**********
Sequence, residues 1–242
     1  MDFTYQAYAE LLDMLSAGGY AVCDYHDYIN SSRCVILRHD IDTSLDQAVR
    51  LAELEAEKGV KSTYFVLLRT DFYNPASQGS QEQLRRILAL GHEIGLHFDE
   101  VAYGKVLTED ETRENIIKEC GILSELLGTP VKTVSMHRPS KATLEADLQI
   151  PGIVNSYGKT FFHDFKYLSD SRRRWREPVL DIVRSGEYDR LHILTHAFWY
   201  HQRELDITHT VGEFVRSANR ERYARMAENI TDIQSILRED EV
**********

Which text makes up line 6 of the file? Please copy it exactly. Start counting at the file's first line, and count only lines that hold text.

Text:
   201  HQRELDITHT VGEFVRSANR ERYARMAENI TDIQSILRED EV